Nicolas Cole (01:08:53):
The same thing, if I look at a writer on the internet, and I look at their habit, and I look at all, they're writing every day. You know what, they haven't missed a day in three years. This person's going to break out. I can call that. I know that that's going to happen because I'm looking at the underlying fundamentals of it.
Daniel Scrivner (01:09:09):
It's directional. You don't know when. You don't know to what degree, but directionally, you're going to have a lot of confidence. So you've written and published a lot. I guess one of the things I wanted to ask, just looking back on your body of work, what articles, what columns, and what book or books you've published are you really proud of?
Nicolas Cole (01:09:29):
I continue to say it's a sleeper project for me, but my first book was a memoir about my gaming years called Confessions of a Teenage Gamer. That thing's a classic. That thing, I can almost guarantee that by the end of my lifetime and journey, that piece is going to really stand out because I spent four years on that thing. There's a lot of me in there. It was something that more of my writing online that resonates is more around life advice or writing advice or things like that. But that book and other projects that I continue to work on, that's closer to art for me. That's the side of me that has yet to fully develop out in public, and I really love that project.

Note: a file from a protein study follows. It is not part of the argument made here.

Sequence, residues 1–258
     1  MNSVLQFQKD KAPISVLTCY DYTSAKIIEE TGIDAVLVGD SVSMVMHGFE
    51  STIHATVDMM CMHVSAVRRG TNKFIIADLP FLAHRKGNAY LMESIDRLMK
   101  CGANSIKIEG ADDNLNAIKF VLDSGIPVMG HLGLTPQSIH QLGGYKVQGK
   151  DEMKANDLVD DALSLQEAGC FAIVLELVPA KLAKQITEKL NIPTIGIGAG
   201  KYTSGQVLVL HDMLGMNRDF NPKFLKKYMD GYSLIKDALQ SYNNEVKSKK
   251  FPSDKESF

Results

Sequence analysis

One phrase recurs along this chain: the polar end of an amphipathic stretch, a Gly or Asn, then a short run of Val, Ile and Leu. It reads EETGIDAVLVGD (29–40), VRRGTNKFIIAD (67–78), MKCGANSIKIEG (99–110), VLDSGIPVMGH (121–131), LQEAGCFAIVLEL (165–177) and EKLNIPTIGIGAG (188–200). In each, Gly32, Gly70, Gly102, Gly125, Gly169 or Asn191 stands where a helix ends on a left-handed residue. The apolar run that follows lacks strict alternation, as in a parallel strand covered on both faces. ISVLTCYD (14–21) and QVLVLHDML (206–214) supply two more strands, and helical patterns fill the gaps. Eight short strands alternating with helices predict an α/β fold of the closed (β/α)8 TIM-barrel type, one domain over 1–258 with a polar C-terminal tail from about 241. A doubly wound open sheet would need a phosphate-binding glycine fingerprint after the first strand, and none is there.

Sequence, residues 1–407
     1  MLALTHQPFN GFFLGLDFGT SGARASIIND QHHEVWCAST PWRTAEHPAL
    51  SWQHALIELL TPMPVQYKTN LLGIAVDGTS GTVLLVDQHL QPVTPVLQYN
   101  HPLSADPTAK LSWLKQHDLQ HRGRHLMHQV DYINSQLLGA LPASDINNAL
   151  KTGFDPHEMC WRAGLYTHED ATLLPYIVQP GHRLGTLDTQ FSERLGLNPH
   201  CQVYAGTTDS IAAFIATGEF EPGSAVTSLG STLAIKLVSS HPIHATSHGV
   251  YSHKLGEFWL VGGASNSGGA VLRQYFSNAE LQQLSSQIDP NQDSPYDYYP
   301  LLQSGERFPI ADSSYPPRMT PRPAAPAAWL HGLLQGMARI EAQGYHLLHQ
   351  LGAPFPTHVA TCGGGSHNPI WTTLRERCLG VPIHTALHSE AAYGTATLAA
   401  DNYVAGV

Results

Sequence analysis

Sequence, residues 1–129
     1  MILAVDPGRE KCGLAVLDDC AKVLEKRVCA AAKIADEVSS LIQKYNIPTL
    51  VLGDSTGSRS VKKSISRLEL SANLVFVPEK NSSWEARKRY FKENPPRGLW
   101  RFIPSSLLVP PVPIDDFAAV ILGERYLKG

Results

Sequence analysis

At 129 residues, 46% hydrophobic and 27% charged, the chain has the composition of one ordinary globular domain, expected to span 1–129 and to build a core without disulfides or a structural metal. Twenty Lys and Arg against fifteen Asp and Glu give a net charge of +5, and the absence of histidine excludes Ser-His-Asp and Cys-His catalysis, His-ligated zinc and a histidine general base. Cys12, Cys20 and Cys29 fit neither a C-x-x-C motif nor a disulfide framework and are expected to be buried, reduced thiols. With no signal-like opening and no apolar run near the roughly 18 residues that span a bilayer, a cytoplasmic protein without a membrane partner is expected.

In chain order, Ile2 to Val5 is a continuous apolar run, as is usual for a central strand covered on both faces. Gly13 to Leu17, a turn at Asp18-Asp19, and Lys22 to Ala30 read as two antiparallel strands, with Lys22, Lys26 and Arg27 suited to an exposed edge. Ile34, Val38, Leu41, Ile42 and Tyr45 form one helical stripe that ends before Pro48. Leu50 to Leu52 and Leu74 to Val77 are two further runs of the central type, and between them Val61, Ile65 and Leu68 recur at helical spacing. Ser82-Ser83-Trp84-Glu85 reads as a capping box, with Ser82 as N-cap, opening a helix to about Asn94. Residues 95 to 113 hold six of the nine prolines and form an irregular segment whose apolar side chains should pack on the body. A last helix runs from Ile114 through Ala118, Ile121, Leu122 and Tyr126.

Daniel Scrivner (01:10:13):
Was it terrifying? Because clearly, there's a lot of you in that book. Was that hard for you to publish, and was it hard for you to open up and just kind of open yourself to the world for the first time, especially with a book?
Nicolas Cole (01:10:25):
It was transformational. It was everything. Even to the point where, when I graduated college, and I was still working on it, and I was struggling with it, I signed myself up for therapy. Because I was like, "I'm trying to write about family dynamics and expectations as a kid and insecurities, and I can tell that I'm coming at it from a place of anger? I want to work on that." I invested a lot into not just writing that, but growing as an individual so that I could write the thing that I wanted to, and I want to write more, and I want to write more memoirs, and I want to tell more stories.
Nicolas Cole (01:10:58):
It's really interesting to me because all of my online writing is what has gotten me this far. But the reality is I treat all of that as practice, all my articles. This is just me waking up every day being like, "I'm going to practice my craft." But it's the memoir. It's the online writing book. It's some of these things that I spend more time on that are what I'm really proud of.
Daniel Scrivner (01:11:20):